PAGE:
Wednesday, January 26, 2011

The Memory of the Wind

I just finished The Memory of the Wind, one of the most disappointing books I've read in a long time.  It's not so much that it wasn't good, as that it started out extremely well, and then deteriorated badly in the last third.

I think that Zafon, the author, shares a lot with Dickens, good and bad, but with a few deficiencies that Dickens didn't have which drag down this novel.

First, the good:  The opening is very evocative.  Young Daniel is taken by his father to the cemetery of lost books, a huge library of old, forgotten titles lovingly preserved by a select few initiates.  (Or so Daniel tells us -- later, his girlfriend will find Tess of the D'Urbervilles there, which is not exactly a forgotten title).  Zafon brings forth Barcelona from the mist beautifully, and the cemetery is enticing and foreboding at one and the same time.  In some ways, this reminded me of the opening of Great Expectations, set in an actual graveyard -- there's the same Gothic atmosphere.

Like Dickens, Zafon creates memorable characters who jump off the page.  Fermin, the ebullient, funny sidekick will remain in memory much longer than the creaky plot that surrounds him.  Carax, the mysterious author at the heart of the story, is a wonderfully enigmatic character, feeling fully-formed even in the very few pages in which he actually appears.

Unfortunately, like Dickens, Zafon enjoys a lot of the Gothic hugger-mugger, except even more so, and it becomes a detriment.  We have not one but three cruel fathers locking up children or wives, we have incest, we a cruelly disfigured vengeful figure, and so on and on.  The Economist suggests that it's all parodical, but I think that either way it's a huge mistake; if Zafon intends a parody, he can't expect readers to become emotionally attached to the characters, and without that attachment the end loses all its resonance.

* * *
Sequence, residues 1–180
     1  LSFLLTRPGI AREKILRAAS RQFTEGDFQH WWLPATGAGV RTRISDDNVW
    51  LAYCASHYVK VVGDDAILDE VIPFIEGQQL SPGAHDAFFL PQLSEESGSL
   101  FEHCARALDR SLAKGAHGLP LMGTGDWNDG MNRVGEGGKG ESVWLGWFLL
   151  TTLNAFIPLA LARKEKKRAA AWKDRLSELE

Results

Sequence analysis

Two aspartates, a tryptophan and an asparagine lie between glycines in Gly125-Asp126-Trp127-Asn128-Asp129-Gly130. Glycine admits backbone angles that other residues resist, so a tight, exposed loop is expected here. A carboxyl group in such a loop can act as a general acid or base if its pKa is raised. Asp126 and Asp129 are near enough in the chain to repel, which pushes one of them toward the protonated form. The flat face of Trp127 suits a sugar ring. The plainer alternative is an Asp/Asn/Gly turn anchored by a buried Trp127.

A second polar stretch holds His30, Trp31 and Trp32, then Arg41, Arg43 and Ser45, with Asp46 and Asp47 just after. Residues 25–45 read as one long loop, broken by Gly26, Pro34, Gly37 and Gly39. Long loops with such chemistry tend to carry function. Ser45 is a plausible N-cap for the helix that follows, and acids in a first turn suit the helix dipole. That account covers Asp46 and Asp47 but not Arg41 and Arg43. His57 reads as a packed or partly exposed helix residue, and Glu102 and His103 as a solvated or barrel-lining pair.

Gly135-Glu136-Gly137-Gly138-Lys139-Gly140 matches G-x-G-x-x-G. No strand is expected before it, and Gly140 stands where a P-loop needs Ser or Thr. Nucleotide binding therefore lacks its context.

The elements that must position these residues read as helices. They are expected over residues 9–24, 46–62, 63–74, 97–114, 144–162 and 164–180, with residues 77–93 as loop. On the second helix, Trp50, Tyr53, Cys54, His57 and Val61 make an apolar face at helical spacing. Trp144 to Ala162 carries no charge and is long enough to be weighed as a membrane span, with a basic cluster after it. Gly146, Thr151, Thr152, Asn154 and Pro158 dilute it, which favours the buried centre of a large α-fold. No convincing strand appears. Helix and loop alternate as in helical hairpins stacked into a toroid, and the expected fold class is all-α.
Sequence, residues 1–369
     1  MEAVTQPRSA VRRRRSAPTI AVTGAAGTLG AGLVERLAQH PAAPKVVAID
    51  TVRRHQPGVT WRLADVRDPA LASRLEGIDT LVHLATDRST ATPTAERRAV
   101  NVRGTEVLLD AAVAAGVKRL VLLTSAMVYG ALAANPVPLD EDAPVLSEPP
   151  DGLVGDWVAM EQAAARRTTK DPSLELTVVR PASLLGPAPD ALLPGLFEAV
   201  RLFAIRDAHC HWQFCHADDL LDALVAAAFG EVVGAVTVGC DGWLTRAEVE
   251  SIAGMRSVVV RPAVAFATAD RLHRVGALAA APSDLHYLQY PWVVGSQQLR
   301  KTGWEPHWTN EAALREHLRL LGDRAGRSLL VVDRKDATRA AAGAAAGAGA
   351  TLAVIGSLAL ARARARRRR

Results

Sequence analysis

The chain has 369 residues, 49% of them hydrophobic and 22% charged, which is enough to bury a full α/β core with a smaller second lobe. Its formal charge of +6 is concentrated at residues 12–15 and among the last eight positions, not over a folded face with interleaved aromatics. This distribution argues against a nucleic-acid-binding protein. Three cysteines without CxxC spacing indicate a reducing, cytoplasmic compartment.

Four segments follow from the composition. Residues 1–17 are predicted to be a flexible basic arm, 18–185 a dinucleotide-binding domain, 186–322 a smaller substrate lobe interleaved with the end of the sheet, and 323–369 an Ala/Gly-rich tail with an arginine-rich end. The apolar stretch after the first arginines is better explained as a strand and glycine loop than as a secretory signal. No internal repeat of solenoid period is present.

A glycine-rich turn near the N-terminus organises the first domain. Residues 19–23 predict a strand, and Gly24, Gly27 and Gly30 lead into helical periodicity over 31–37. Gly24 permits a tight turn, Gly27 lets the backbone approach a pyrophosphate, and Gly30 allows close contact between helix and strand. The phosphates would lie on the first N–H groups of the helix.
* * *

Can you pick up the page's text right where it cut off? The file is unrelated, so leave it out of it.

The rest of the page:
Speaking of resonance, my other big problem with the novel is that it's over-structured, a problem Dickens certainly never had.  There are large-scale echoes, like the one-too-many ways that fathers have a difficult time relating to their children.  Even worse is the way that Daniel's story echoes Carax's, underlined by the way several characters tell us that Daniel looks like a young Carax, even though they're not related.  It's just too much, and feels too schematic, so that the ending scenes are telegraphed from miles away, and it's not even particularly fun to see them worked out.

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